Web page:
A top American researcher has questioned the scientific accuracy of environmental impact assessment reports for India’s hydropower projects, criticising the process behind environmental clearances as being “manipulative”.
Kelly D. Alley, a professor of anthropology, Auburn University, U.S. has carried out research in northern India for over twenty years, focusing on public culture and environmental issues.
“I took two sets of hydropower cases that are important projects -the Subansiri and Dibang projects in north east India.
“My paper questions the EIA and the processes… how those (environmental) clearances are obtained. Basically the clearance process is corrupt in terms of rent-seeking. I wanted to highlight the clearance processes are manipulated so that in this dangerous situation we should do a better job,” Alley told IANS here, after the study was released.
Alley is the author of books such as ‘On the Banks of the Ganga: When Wastewater Meets a Sacred River’ that explores Hindu interpretations of the sacred river Ganga in the light of environmental problems.
Some of her other notable publications include ‘Water Wealth and Energy in the Indian Himalayas’ and ‘The Developments, Policies and Assessments of Hydropower in the Ganga River Basin’ among others, a result of her work in the Brahmaputra basin and in Varanasi.
She was in the city as part of a delegation for the two-day ‘Building Pan Asian Connectivity’ conference. Alley released her paper titled ‘Challenges for hydropower governance in Brahmaputra basin: Informality, Documentality and Citizen Mandamus’ which will be part of a book and will be put in the public domain soon.
“I have shown some of the issues involved in clearing the projects such as forest, environmental clearances and the processes… the steps that a company would have to go through to get it approved and cleared for construction.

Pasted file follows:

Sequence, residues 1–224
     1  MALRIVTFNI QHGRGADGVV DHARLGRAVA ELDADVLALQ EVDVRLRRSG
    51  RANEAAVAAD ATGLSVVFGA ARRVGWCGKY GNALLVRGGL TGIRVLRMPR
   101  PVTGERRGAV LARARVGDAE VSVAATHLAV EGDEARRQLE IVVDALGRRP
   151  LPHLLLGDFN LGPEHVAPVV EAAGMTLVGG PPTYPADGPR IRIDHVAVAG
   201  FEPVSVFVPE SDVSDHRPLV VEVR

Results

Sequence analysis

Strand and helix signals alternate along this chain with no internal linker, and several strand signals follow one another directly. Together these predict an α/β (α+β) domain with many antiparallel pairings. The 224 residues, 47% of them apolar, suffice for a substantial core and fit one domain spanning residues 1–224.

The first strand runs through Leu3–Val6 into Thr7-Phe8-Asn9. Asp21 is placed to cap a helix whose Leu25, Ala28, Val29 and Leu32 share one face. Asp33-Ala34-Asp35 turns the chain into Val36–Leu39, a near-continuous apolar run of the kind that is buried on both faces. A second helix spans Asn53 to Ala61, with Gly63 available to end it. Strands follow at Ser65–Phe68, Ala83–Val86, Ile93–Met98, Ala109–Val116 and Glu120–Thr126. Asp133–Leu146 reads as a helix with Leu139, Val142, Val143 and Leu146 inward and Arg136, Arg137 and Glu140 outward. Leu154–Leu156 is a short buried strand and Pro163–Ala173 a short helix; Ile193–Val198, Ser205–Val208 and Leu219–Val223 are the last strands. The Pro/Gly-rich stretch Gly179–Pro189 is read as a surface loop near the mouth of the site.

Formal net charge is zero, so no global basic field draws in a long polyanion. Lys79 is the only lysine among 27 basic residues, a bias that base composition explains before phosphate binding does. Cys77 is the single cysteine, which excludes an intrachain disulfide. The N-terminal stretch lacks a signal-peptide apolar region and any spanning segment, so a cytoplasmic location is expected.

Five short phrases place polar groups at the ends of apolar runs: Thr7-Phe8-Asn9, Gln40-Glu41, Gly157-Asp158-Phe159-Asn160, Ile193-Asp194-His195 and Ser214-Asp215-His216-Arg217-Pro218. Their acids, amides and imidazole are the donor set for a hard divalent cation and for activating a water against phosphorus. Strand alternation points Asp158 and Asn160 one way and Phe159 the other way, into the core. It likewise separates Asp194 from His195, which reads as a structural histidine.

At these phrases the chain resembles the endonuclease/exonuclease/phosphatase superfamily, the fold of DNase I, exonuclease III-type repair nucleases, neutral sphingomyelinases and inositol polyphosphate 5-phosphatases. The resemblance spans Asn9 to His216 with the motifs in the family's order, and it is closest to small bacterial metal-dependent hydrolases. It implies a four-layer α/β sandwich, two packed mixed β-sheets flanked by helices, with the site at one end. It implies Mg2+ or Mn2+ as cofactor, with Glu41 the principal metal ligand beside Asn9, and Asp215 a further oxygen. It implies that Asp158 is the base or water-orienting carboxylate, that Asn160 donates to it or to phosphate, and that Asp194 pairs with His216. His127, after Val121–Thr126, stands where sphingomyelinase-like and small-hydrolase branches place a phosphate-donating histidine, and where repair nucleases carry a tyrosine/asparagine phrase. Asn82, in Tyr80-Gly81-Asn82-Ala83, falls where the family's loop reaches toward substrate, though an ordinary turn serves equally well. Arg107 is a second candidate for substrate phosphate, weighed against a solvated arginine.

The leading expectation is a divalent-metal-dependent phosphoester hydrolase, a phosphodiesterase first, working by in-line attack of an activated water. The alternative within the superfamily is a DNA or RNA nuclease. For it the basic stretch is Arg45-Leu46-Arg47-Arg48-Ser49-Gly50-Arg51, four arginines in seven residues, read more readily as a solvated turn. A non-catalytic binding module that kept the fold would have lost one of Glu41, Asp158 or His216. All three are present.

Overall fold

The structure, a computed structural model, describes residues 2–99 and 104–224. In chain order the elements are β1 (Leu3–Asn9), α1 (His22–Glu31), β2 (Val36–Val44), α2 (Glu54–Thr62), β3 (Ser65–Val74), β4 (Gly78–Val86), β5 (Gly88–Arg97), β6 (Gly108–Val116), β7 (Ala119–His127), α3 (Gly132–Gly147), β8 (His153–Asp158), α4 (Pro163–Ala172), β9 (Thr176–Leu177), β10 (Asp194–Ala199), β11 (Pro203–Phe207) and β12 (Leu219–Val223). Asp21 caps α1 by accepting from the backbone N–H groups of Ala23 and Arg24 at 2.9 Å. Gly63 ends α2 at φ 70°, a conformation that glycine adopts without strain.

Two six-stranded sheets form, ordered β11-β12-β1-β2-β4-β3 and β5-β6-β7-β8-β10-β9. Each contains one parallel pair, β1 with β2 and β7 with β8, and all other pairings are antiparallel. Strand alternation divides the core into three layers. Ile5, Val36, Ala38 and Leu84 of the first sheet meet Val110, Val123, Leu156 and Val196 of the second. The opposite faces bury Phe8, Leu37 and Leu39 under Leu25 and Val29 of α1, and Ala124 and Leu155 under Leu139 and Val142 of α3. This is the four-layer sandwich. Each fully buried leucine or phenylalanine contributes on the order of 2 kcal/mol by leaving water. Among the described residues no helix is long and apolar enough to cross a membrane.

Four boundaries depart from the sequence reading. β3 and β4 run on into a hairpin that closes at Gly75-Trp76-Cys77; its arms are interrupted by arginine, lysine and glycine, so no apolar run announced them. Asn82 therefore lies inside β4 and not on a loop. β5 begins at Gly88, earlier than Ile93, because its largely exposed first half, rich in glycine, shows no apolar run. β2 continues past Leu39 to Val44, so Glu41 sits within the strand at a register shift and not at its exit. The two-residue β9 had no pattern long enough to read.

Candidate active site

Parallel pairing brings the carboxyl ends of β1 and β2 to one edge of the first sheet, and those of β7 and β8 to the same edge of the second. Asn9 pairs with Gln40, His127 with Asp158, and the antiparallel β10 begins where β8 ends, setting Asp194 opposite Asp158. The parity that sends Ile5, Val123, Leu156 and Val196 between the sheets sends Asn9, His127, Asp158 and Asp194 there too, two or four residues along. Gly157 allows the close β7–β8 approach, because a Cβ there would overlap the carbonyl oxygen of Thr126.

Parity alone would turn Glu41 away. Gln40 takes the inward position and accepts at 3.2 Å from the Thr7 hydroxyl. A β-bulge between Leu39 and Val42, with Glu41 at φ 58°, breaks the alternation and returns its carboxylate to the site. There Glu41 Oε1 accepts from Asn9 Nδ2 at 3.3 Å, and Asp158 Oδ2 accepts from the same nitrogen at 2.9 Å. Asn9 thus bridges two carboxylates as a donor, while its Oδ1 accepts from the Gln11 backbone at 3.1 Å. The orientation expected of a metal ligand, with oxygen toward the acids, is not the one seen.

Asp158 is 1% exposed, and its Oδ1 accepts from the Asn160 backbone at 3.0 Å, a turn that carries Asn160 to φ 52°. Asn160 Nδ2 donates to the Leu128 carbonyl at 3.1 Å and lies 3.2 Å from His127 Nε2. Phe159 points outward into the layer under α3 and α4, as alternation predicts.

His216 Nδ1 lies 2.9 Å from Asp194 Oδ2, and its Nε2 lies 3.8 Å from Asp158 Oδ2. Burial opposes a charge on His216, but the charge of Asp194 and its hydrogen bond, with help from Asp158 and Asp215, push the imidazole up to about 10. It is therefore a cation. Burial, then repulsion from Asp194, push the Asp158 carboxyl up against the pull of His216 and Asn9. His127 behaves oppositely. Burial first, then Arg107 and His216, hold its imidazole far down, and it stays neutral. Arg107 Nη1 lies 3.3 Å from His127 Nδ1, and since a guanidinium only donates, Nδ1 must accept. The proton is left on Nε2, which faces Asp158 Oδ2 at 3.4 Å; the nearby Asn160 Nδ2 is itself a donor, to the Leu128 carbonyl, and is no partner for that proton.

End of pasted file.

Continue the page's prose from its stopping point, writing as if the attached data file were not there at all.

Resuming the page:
“It’s not a completely scientific process and many people have questioned the quality of environmental impact assessments (EIA),” she said on Wednesday.
Citing the example of the devastating 2014 Uttarakhand floods and glacial lake outburst in Kedarnath, Alley said the way ahead is to incorporate scientific methods to plan sites of dams.
“When you have so much rain and have it mixed with this glacial melt, it just puts a lot of pressure on the dam and you have rocks and boulders getting shoved down the river bed… it’s going to ruin the dam and create blockages,” she explained.
To counter the potential hazards, the researcher stressed that ‘lot of good science and clean science (not politically motivated) has to go into figuring out how to site dams properly and what are the best locations ecologically, in terms of water cycle for people etc.”
“It all comes back to the regulatory process,” she pointed out.
The other aspect, according to Alley, is to focus on climate-friendly infrastructure.
“You have the condition of more extreme floods happening. So you have to make sure that whatever infrastructure you built, it can somehow adapt to those conditions and you need some good science, engineers who are thinking about infrastructure adaptable to climate change etc.,” she added.